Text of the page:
The repeal of "Don't Ask, Don't Tell" ( DADT ) may be a win for gay and lesbian service members, but for some in the LGBT community, the celebration is bittersweet.
Despite the repeal, transgender people will not be allowed to serve openly. That is because military medical rules deem transgender people unfit to serve.
"This is a non-event for the trans community," said June LaTrobe, a U.S. Air Force veteran who lives in Chicago. " [ The repeal ] is great. It's wonderful… but there is no direct benefit to individuals who are comfortable identifying as transgender."
While a handful of transgender people have been dismissed under DADT in the past, experts say those decisions had more to do with a lack of understanding about what transgender is, rather than the driving policy. Most transgender people are dismissed for a myriad of other reasons. "It's disallowed in so many ways," said Mara Keisling, executive director at that National Center for Transgender Equality ( NCTE ) . "There's a zillion ways that they don't want us in."
A diagnosis of "gender identity disorder" can constitute grounds for medical and mental health dismissal. According to a news statement from NCTE, cross-dressing, taking hormones or accessing medical and mental health care outside of the military can also lead to military discharge. Consequently, transgender service members are not allowed to express gender-variance and cannot come out. Even communication with transgender groups and people can draw suspicion, say activists.
As DADT makes its exit, transgender veterans many of whom have been active in their local LGBT veteran chapterssay they have mixed feelings about the success.
"We were totally supportive of the repeal of 'Don't Ask, Don't Tell,'" said Monica Helms, president of the Transgender American Veterans Association. "We want to make sure that people know, hey, we're still discriminated against." Gender-variance in U.S. military has been documented since the revolutionary war, as many female-born people dressed as men and marched off to fight.
According to transgender activist and historian Leslie Feinberg, 400 civil war soldiers were also found to have been born female. Among them was Albert Cashier, who fought with the Illinois 95th Division at the battle of Vicksburg and lived his life as male until he died in 1915. Other U.S. soldiers who had been born female lived after wartime as men. Transgender historians believe many of those soldiers who crossdressed to enlist were actually transgender.
Estimates on how many transgender people are currently serving are hard to come by. Activists believe many transgender people remain in hiding in the service, while a number have also been dismissed.
"We've had communications with people that are serving, some even in warzone," said Helms. "So we know that they're there. It's just the brave few that reach out."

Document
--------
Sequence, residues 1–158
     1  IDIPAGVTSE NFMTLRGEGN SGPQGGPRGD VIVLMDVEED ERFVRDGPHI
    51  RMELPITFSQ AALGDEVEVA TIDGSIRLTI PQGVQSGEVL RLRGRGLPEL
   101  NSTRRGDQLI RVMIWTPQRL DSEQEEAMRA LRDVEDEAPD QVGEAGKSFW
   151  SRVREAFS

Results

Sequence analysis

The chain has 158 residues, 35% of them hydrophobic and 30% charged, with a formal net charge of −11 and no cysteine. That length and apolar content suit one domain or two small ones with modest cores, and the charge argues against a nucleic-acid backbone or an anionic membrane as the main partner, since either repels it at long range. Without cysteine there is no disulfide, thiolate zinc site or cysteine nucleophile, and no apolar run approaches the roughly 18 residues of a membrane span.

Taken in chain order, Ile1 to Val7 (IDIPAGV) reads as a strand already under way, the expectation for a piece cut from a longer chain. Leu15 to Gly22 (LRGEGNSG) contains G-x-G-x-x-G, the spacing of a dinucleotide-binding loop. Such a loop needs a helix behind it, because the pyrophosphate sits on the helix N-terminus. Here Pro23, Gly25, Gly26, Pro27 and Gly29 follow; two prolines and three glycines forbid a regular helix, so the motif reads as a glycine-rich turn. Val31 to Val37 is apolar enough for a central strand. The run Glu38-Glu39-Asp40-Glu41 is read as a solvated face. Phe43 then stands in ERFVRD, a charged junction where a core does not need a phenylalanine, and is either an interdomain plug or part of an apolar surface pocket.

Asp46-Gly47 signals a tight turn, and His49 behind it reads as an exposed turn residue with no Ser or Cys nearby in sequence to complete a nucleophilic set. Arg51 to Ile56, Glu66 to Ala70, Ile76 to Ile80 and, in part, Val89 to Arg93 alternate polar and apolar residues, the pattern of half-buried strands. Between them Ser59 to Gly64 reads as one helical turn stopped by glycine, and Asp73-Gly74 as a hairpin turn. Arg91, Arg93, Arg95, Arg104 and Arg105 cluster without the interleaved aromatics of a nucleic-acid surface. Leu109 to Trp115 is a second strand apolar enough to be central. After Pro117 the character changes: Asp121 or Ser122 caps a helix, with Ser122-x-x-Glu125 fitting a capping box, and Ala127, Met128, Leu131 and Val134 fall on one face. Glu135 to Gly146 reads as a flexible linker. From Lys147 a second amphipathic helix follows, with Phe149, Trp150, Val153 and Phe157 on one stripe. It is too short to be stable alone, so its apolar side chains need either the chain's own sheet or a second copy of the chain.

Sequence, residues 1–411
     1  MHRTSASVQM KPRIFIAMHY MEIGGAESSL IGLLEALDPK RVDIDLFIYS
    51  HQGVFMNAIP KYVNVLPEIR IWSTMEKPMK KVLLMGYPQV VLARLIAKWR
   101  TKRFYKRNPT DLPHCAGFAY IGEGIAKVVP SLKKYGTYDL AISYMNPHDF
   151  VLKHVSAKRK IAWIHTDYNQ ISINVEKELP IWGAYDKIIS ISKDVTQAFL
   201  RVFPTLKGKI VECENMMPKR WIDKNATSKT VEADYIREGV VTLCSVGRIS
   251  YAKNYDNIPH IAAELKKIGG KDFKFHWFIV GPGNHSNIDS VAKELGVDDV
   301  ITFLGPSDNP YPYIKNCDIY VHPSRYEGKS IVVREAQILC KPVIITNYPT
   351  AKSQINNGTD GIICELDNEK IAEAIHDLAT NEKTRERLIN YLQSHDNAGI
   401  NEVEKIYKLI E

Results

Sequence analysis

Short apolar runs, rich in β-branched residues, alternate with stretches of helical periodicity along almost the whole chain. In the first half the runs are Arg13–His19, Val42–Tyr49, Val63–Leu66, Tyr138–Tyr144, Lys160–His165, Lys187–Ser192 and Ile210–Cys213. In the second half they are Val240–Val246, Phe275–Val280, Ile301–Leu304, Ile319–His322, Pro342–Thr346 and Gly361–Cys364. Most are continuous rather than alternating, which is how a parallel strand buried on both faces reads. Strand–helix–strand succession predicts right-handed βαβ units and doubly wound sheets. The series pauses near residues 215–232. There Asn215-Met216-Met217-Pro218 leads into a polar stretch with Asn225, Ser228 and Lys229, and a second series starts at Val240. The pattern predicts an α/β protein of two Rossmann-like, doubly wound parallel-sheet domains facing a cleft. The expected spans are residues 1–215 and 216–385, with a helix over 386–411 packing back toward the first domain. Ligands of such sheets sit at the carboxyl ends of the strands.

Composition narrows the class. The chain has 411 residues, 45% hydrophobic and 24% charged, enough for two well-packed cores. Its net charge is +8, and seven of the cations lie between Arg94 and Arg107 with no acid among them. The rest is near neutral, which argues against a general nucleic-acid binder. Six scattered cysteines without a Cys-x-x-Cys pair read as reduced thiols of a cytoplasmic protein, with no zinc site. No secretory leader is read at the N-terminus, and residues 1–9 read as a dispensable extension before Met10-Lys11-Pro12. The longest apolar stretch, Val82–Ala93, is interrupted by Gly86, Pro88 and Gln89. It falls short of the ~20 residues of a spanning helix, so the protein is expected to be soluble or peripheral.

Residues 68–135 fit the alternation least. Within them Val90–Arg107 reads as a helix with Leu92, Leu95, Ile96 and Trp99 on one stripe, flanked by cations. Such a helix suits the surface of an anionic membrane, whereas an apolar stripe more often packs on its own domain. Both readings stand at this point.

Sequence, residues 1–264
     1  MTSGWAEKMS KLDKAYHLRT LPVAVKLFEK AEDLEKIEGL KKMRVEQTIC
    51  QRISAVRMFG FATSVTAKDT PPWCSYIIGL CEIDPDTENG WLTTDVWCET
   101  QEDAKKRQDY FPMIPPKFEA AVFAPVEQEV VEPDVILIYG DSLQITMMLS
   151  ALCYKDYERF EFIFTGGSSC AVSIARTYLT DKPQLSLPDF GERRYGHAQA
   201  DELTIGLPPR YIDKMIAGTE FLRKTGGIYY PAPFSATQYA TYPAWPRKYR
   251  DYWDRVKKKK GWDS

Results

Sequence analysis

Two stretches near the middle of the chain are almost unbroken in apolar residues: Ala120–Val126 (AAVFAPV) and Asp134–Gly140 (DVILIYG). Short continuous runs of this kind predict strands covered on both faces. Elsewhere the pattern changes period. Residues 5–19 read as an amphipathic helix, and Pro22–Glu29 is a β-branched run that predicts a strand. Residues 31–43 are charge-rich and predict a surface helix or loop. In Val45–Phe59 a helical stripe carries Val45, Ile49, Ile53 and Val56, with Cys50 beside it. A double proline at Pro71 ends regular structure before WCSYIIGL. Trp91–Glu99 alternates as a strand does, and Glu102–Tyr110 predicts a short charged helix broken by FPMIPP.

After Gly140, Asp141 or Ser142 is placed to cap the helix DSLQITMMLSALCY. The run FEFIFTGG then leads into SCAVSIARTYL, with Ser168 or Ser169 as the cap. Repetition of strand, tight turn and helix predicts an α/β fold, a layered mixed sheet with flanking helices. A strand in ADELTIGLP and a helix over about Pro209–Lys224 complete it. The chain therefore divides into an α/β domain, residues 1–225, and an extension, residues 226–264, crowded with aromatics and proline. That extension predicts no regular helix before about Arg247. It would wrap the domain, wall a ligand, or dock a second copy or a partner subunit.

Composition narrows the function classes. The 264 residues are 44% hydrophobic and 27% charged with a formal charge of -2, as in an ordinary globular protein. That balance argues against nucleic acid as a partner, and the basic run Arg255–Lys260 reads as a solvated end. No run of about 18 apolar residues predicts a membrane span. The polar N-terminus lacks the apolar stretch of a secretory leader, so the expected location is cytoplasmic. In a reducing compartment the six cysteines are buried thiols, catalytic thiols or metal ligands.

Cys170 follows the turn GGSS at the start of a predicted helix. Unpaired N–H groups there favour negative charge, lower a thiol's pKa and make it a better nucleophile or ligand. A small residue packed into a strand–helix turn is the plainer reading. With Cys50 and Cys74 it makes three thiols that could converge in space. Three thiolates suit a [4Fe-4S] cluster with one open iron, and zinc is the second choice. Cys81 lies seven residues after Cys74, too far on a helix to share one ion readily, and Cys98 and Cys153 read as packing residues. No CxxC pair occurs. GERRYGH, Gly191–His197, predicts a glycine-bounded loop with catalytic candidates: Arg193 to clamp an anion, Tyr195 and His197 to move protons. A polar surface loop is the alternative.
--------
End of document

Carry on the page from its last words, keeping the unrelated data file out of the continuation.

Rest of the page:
Helms believes the service attracts many female- born transgender people because the service is one place where female-born people can express masculinity safely.
Many transgender people enter also the service before they know they are transgender. If they do become gender-aware in the service, they face obstacles in not only coming out, but working through gender issues when such feelings are grounds for dismissal.
Those enlisted cannot share gender identity questions with military doctors or mental health providers, and they are not allowed to seek outside counseling or medical care.
Still, findings suggest that transgender people are twice as likely to serve in the military than
people who are not transgender.
A recent survey by NCTE and the National Gay and Lesbian Task Force found that 20 percent of transgender respondents were veterans, compared to the 10 percent found for the general population by the American Community Survey for the same year.
Helms estimates that there are currently at least 300,000 transgender veterans living in the
Still, military issues for transgender people have not been prioritized in LGBT movements. "There was an awareness of the [ transgender ] community," said LaTrobe of gay and lesbian service organizations. "How significant or how meaningful that was I would hesitate to quantify… there was a focus on repealing 'Don't Ask,
Don't Tell." However, it is not only gay and lesbian military
activists who have showed a lack of interest in repealing the ban on transgender people, said Keisling. Transgender communities themselves have not focused on the ban. Transgender people already face employment discrimination, hate-based violence, homelessness and other life-or-death issues at alarming rates, she said.
"This [ ban ] just doesn't rise to the level of emergency," Keisling said.
Younger generations of transgender people may not even know the ban exists at all, say activists. They, too, might believe that the DADT repeal will open the doors for transgender military service.
In an effort to raise awareness about the ban, Helms created a Facebook event and asked people to take a moment silence on Sept. 20 for transgender service members and veterans. More than 2,100 committed to the moment of silence.
Some groups holding DADT repeal celebrations said their parties would take that moment, too. Helms said she was eager for the celebrations. Despite the lack of impact on transgender people, she is excited to see the end of DADT. More than that, she is ready to focus on transgender people in the military.
"After it's over, then the work begins," she said.